Dear Friends and Colleagues, Most church buildings host two kinds of activities: traditional worship in the sanctuary on Sunday mornings, and meetings of Alcoholics Anonymous (AA) in the church basement, usually on weeknights. The twain rarely meet. Drug use and addiction don’t merit prime-time attention. There is something profoundly wrong with this picture. AA and other Twelve-Step meetings are, of course, confidential. But what we do and say in church should reflect the reality that addiction exists all around us. If those who suffer from addiction feel not only unwelcome but stigmatized, what is our faith really about? That is why almost three years ago I was delighted to learn of a conference on faith and addiction to be held in Minneapolis. I attended that meeting and blogged about it. Since 2019, the small group of volunteers who created that first event have transformed themselves into the organization called the Center of Addiction and Faith (CAF). Though it is still taking shape, CAF now has a board and executive director. Its website offers theological reflections on addiction, sample sermons, a bibliography of helpful and inspiring readings, podcasts and webinars from leading authors and practitioners, and a directory of 12-step recovery groups for lay and clergy. This new organization has the potential to transform the way the institutional church, and, indeed, all of us, understand and respond to addiction. CAF is holding its third annual conference in person as well as remotely in Minneapolis on October 7-9. Workshop topics will include: how to bring the subject of addiction forward in a congregational setting, and harm reduction as a spiritual response to substance abuse. I will be leading a discussion on the role of churches in ending the War on Drugs. All sessions will be online. Beyond these workshops, I see a second and possibly overriding reason why the conference is important. In bringing addiction out into the open, CAF may be key to accomplishing something that all of us hope for and few of us know how to do. I speak of revitalizing a progressive Christianity that is clearly in a downward spiral. We normally think of addiction as manifested in those abusing substances or trapped in gambling or pornography. It is important to deal with these afflictions as they affect individuals. But, at a more profound level, seeking to understand addiction is a way of coming to terms with what might be considered the human condition. It raises profound questions about personal freedom, how we change, and the sources of meaning in our lives. These are religious questions. Yet they are rarely answered in the traditional church. Even as church attendance declines, we hear increasingly of those who say they are “spiritual but not religious.” They are the “new wine” that the Bible talks about when it says “new wine is put into fresh wineskins.” (Matt. 9:17) They reject the “old wineskin” of organized religion with its outdated theology and empty ritual. In my experience, the religious figure today who comes closest to capturing what those who call themselves “spiritual but not religious” are reaching for is Richard Rohr, a Franciscan Father and founder of the Center for Action and Contemplation in Albuquerque, New Mexico. His spiritual insights have the potential to bring new vitality and meaning to a Christian church that must change to survive. If you drop his name in casual conversation, you will be surprised how many people recognize it and smile. How many theologians recently have been the subject of articles in prominent national magazines such as the New Yorker and Harpers? The language of addiction is central to Rohr’s theological perspective. In one of his books, Breathing Underwater: Spirituality and the Twelve Steps, he makes the case that in a profound sense, we are all addicts. In varying degrees, we pursue false gods. These, in turn, separate us from our “True Self” as the source and expression of authentic joy and meaning. Although he will not be with us in person, Rohr’s message will be abundantly present throughout the CAF conference. Sincerely, Rev. Alexander E. Sharp, Executive Director, Clergy for a New Drug Policy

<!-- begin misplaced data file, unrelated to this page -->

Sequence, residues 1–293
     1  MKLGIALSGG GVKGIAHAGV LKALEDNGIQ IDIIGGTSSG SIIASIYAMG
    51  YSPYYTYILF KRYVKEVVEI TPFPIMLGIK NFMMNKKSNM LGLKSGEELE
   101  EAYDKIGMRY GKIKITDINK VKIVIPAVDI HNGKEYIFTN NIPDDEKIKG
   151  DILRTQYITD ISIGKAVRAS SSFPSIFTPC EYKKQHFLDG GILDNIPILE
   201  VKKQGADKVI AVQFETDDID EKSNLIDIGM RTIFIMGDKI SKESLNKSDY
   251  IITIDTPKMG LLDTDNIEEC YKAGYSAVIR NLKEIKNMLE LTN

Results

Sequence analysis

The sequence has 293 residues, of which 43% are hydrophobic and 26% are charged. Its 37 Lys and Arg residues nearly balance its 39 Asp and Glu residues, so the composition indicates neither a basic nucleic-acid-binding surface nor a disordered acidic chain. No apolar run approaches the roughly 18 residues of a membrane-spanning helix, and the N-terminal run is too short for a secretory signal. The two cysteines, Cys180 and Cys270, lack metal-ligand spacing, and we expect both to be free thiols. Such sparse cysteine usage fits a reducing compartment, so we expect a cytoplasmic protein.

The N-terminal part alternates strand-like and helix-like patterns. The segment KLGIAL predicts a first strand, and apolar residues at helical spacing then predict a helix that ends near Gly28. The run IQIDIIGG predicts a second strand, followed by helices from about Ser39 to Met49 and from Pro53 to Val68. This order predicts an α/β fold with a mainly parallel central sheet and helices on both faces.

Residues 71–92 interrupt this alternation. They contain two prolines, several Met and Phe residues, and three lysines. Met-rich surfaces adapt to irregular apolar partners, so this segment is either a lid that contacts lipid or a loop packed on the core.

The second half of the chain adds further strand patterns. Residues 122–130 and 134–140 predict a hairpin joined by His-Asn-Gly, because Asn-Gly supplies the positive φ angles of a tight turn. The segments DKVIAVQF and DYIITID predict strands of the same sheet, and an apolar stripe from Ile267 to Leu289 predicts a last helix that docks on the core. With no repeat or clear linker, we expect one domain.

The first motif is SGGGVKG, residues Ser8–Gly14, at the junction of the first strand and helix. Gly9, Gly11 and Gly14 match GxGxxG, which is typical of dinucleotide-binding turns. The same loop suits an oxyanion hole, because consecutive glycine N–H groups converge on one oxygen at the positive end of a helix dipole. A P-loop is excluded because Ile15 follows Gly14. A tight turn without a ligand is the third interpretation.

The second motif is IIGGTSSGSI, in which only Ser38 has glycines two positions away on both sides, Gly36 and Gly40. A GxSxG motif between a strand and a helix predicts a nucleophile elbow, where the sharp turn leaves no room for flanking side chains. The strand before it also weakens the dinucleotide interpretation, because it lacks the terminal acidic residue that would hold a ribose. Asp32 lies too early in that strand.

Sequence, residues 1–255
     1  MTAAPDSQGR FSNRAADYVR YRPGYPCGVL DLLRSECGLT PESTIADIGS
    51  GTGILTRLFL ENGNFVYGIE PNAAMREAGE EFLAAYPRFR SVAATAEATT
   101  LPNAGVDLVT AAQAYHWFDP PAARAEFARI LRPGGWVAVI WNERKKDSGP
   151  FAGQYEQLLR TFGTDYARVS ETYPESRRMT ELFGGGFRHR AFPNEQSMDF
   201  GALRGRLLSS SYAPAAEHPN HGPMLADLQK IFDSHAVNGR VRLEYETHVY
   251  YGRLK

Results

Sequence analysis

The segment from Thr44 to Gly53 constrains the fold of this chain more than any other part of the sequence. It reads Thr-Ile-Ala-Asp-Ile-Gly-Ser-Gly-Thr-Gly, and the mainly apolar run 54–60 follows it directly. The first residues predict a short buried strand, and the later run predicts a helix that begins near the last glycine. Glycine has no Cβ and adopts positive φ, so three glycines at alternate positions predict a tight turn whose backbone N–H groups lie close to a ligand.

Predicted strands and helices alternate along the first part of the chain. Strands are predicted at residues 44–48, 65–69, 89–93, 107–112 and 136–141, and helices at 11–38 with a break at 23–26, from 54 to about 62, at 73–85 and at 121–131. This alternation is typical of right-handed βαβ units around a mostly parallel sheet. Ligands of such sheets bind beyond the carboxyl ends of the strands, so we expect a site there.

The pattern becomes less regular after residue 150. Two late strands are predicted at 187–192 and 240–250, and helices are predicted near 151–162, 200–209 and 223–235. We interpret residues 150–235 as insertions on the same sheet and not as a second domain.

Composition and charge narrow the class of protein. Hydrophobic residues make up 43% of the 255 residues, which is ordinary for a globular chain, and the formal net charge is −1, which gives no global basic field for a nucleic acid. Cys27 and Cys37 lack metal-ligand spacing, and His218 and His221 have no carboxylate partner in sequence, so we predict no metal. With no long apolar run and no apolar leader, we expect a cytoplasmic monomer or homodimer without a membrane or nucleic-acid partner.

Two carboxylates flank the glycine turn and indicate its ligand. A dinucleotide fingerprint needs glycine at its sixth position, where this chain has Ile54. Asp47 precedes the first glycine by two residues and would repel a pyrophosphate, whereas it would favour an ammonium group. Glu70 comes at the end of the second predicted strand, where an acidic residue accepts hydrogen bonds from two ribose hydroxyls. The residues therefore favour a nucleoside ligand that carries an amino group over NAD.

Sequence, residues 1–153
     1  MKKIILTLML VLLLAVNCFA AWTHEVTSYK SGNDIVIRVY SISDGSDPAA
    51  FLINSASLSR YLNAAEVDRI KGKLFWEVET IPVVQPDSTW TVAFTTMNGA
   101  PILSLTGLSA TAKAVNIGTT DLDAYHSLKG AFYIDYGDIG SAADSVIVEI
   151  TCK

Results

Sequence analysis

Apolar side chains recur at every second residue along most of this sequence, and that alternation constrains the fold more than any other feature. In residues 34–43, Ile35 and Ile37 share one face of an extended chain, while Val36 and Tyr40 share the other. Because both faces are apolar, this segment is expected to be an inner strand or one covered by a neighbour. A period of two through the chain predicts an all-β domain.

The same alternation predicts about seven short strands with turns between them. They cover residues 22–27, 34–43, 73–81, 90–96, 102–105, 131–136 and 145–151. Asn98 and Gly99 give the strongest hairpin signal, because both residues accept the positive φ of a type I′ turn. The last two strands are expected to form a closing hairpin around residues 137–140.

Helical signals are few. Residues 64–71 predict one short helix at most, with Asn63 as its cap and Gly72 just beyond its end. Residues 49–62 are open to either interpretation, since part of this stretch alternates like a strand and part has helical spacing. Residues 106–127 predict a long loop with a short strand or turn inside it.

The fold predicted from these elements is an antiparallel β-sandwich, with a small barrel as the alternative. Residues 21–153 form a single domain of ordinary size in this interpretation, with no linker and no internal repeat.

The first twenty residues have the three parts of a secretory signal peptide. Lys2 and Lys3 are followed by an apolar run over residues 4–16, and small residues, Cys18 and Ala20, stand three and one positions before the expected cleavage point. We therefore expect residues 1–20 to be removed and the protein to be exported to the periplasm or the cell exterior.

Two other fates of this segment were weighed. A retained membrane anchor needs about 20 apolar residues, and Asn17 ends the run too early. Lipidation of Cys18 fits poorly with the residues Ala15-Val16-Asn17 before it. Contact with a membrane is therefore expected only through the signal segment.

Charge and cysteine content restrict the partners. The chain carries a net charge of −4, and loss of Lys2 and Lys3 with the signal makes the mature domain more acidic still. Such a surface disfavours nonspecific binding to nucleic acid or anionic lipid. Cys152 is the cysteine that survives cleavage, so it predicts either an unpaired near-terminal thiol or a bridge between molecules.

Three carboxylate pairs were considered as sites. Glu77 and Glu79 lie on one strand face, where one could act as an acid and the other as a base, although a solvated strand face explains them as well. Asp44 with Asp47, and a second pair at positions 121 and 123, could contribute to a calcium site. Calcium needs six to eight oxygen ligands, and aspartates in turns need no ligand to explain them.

Symposium Calls for Harm Reduction and Treatment
Two influential faith leaders from the south and west sides joined forces last Wednesday to build a base of support in Chicago for harm reduction rather than arrests and jail as the response to drug abuse and addiction. Chief Apostle William McCoy and Bishop Claude Porter, with Congressman Danny Davis, hosted a symposium on “Challenges and Options” for a new drug policy featuring the voices of diverse individuals from law enforcement, government, healthcare, and policy advocacy. Over 50 community residents were present.
Cops, Docs, and Clergy Speak with One Voice
On Saturday, December 5, 2015, CNDP was privileged to participate in the symposium “Ending the Drug War, Healing Our Communities: Cops, Docs, and Clergy Speaking with One Voice” in Providence, Rhode Island. Police officers, health care professionals, and clergy all spoke from distinct vantage points about the need to strengthen communities. You can read some of their insights below. We are grateful to Rev. Santiago Rodriguez and Gloria Dei Lutheran Church of Providence for hosting us.
Upcoming Event: A Conversation with Rev. Alexander Sharp in Baltimore
Join CNDP Executive Director Rev. Alexander Sharp for a special event in Baltimore on Friday, November 13. The conversation will focus upon drug policy that rehabilitates, rather than incarcerates, and why people of faith should support such policy.
- Page 1 of 2